CLYDE'S had been advertising fresh Dungeness crabs flown in from the West Coast during July and August, and with such a jet-fresh operation things can go awry. So they did for Virginia Hall of Washington, whophoned one day to ask if Clyde's of Georgetown had them. Assured that the Dungeness were in stock, she went to try them; the shipment hadn't arrived, so the manager invited her and her companion back for crab dinners on the house. When she took them up on the offer, the manager of the evening added free wine to the apology.

No wonder the hero of the Iran-Contra hearings has been Clyde's Old Ebbitt Grill.

HAPPY HOURS AND HOURS --

The hours are getting happier and happier these days, as hotels and restaurants compete for the after-work drink trade. Cafe Beaux Arts has extended its happy hours to 8 on weekdays, but while it promised such free nibbles as imported cheeses and mussels, I found nothing but standard mini-quiches. The Sheraton Grand ends its happy hour at 7; during this two-hour weekday event a different drink each day is half-price, and appropriate free hors d'oeuvres accompany it. Monday is beer with hotdogs, corn dogs and peanuts. Tuesday is manhattans and martinis with New York subs and soft pretzels. Wednesday's special is Mexican: margaritas, tacos and nachos. Thursday's upscale snacking is pa~te', cheese and crudite's, with non-alcoholic frozen drinks at half-price; and Friday has Polynesian style drinks with egg rolls, spareribs, wontons and dim sum.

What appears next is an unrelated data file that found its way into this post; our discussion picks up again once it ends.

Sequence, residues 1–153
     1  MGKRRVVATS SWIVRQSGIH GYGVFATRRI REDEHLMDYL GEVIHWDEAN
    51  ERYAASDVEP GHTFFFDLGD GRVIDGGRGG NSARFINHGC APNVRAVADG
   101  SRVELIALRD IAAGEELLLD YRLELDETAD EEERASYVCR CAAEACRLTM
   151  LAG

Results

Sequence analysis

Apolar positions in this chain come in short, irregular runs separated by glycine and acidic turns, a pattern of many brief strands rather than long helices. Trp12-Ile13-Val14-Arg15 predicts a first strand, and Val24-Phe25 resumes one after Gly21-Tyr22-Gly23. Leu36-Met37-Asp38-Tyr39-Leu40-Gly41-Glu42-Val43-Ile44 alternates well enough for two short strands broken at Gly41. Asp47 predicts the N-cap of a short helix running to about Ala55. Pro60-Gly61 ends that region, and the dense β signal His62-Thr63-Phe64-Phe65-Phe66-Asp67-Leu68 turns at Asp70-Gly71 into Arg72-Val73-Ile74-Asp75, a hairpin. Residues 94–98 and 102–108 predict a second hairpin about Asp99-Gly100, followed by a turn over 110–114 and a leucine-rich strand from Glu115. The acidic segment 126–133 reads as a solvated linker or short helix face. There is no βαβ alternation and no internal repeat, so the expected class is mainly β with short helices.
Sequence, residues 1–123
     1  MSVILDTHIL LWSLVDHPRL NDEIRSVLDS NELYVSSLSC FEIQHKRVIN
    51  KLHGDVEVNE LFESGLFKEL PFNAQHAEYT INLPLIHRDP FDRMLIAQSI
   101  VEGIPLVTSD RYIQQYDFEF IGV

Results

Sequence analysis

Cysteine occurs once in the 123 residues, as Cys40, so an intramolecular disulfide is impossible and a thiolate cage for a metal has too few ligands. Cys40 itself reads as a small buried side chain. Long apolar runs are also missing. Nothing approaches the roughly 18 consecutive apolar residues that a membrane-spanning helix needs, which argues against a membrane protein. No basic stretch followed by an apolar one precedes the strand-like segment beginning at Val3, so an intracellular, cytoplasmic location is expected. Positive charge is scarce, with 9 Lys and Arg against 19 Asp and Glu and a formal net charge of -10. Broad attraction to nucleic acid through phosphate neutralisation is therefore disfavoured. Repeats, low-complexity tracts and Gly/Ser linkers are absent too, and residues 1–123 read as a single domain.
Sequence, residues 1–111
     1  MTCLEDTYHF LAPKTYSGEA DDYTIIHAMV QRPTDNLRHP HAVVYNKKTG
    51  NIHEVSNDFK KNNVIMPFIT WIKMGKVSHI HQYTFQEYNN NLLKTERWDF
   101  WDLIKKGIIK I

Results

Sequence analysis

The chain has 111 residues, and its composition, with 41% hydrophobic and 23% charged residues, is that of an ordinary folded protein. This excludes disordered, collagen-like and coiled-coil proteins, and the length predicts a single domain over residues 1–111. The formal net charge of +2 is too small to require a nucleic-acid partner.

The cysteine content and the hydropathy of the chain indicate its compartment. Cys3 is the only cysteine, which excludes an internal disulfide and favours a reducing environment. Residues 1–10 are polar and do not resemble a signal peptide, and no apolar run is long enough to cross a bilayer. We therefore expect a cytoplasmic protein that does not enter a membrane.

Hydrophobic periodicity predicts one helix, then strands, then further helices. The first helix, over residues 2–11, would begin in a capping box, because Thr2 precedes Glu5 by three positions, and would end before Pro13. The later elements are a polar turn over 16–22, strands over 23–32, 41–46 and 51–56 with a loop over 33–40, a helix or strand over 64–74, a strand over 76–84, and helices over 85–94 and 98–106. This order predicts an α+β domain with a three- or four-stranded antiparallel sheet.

THE LIST OF LISTS --

In the seven years The Wine Spectator has been pinpointing the restaurants with the best wine lists, Washington has been represented by only two winners: Jean-Louis and Le Pavillon. Now Aux Beaux Champs has been added among the 10 new winners from the U.S. and Europe. Chef Doug McNeill has, since 1980, built the wine list to the extent that wine sales are now more than $1.6 million, he told the Spectator. McNeill's list is a patriotic one, with California wines listed before French, starting with two dozen American sparkling wines. The list goes on to include, for example, a hundred cabernets; in all, says the Spectator, the length and breadth of the list is impressive, though no more astonishing than the prices. Those high prices are balanced, though, by the bargains listed as odd bins; this is a bonus of McNeill's computer system, which keeps the list up to the moment.

MORE HEROES --

At New Orleans Emporium, reported a diner, the waiter warned her father that a dish was very hot but he ordered it anyway. Then he found that indeed it was so hot that he didn't like it. The waiter took it back without a question and returned shortly with a milder dish in exchange. That is really going beyond fair to charitable.

And at the Occidental, a diner was charged only half of the wine's proper price. The diner pointed out the error to the manager, and was told that since the restaurant had made the error the billwould stand. Again, going to outstanding lengths to satisfy a customer.